Elon Musk struck a deal on Monday to buy Twitter for roughly $44 billion, in a victory by the world’s richest man to take over the influential social network frequented by world leaders, celebrities and cultural trendsetters.
Twitter agreed to sell itself to Mr. Musk for $54.20 a share, a 38 percent premium over the company’s share price this month before he revealed he was the firm’s single largest shareholder. It would be the biggest deal to take a company private — something Mr. Musk has said he will do with Twitter — in at least two decades, according to data compiled by Dealogic.
“Free speech is the bedrock of a functioning democracy, and Twitter is the digital town square where matters vital to the future of humanity are debated,” Mr. Musk said in a statement announcing the deal. “Twitter has tremendous potential — I look forward to working with the company and the community of users to unlock it.”
The blockbuster agreement caps what seemed an improbable attempt by the famously mercurial Mr. Musk, 50, to buy Twitter — and immediately raises questions about what he will do with the platform and how his actions will affect online speech globally.
The billionaire, who has more than 83 million followers on Twitter and has romped across the service hurling gibes and memes, has repeatedly said he wants to “transform” the platform by promoting more free speech and giving users more control over what they see on it. By taking the company private, Mr. Musk could work on the service out of sight of the prying eyes of investors, regulators and others.
Yet scrutiny is likely to be intense. Twitter is not the biggest social platform — it has more than 217 million daily users, compared with billions for Facebook and Instagram — but it has had an outsize role in shaping narratives around the world. Political leaders have made it a megaphone, while companies, celebrities and others have used it to hone images and build brands.
In recent years, Twitter has also become a target of criticism, as some users spread misinformation and other toxic content on the service. Former President Donald J. Trump frequently turned to Twitter to insult and inflame, until it barred him after the Jan. 6 riot at the Capitol last year. The company has repeatedly created policies on the fly to deal with unexpected situations.
Mr. Musk himself has had a rocky relationship with online speech. This year, he tried to quash a Twitter account that tracked his private jet, citing personal and safety reasons. And he has gotten into trouble with regulators over his tweets.
On Monday, he tweeted that he hoped his worst critics would remain on Twitter, because “that is what free speech means.” He added in his statement that he hoped to increase trust by making Twitter’s technology more transparent, defeating the bots that spam people on the platform and “authenticating all humans.”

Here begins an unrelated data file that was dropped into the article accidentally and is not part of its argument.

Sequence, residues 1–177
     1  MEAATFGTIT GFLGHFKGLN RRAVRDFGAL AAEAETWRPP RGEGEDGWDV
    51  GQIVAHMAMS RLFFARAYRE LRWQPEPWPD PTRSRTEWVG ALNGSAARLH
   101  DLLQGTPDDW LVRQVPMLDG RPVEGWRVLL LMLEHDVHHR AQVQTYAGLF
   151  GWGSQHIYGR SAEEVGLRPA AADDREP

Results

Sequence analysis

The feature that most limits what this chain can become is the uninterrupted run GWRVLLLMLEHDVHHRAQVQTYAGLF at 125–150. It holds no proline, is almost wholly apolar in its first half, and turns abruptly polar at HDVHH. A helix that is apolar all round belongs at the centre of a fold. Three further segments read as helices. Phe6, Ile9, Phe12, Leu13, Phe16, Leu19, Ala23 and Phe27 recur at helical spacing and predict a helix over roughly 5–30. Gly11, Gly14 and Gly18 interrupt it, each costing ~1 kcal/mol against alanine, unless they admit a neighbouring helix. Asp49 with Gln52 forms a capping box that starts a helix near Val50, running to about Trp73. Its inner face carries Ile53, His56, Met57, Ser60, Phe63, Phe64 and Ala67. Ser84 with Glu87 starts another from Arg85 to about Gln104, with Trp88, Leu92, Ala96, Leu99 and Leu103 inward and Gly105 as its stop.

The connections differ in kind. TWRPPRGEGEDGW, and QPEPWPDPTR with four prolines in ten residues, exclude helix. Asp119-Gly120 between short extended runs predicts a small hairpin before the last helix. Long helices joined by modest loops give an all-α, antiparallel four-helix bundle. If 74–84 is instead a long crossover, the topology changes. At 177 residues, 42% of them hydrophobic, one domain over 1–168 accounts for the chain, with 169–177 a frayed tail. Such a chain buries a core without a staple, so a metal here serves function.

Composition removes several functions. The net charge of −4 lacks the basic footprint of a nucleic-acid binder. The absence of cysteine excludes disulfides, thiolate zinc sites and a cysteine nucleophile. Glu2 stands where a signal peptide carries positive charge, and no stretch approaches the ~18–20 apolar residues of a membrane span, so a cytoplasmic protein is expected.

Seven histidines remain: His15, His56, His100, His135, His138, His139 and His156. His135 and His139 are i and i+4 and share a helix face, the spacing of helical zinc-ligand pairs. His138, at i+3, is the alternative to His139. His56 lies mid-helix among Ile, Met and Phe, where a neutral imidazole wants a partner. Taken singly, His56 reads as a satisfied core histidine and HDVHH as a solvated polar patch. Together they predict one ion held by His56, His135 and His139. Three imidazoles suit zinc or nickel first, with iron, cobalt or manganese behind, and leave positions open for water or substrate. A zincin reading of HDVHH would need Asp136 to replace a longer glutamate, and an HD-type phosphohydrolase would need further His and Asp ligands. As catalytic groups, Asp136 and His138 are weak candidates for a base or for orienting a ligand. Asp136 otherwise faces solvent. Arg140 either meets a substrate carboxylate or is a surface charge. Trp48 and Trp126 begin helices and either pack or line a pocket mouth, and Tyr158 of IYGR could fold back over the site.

Bridget Todd, a director at UltraViolet, a women’s rights organization, said Mr. Musk’s deal could be treacherous for online speech because he might not be in favor of Twitter’s community standards and barring users who violated those standards.
Read More on Elon Musk’s Bid for Twitter
- A Digital Citizen Kane: The mercurial billionaire wants to recast Twitter in his image, in echoes of the 19th-century newspaper barons.
- Elusive Politics: Mr. Musk is often described as a libertarian, but he has not shrunk from government help when it has been good for business.
- A Problem for Trump: Mr. Musk’s plan for a Twitter takeover adds to the challenges facing the former president’s nascent Truth Social network.
“This is a massively slippery slope,” she said.
In Washington, Republicans, who have long accused Twitter of censoring their views, cheered Mr. Musk’s deal.
“I am hopeful that Elon Musk will help rein in Big Tech’s history of censoring users that have a different viewpoint,” Senator Marsha Blackburn of Tennessee said in a tweet.
Mr. Trump told Fox News on Monday that he would stick with posting on his own social network, Truth Social. “I am not going on Twitter,” he said, but added that he hoped “Elon buys Twitter, because he’ll make improvements to it.”
Democrats were restrained on the deal. Jen Psaki, the White House press secretary, declined to comment on Twitter’s sale specifically but said that President Biden “has long been concerned about the power of large social media platforms” and that they should be “held accountable for the harms that they cause.” She said Mr. Biden supported changes to online-speech and antitrust laws.
Beyond speech issues, Twitter faces questions about its business. For years, the company has struggled to gain new users and keep others returning. Its advertising business, which is the main way Twitter makes revenue, has been inconsistent. Twitter has not turned a profit for eight of the last 10 years.
Last year, the company lost $493 million on revenue of $5.57 billion. In contrast, Meta, the company formerly known as Facebook, had profits of $39 billion and revenue of $118 billion last year.
Twitter, which went public in 2013, has also had a tumultuous corporate history. It has repeatedly dealt with board dysfunction and drama with its founders, and was courted by other interested buyers in the past, including Disney and Salesforce. In 2020, the activist investment firm Elliott Management took a stake in Twitter and called for Jack Dorsey, one of its founders, to resign as chief executive. Mr. Dorsey stepped down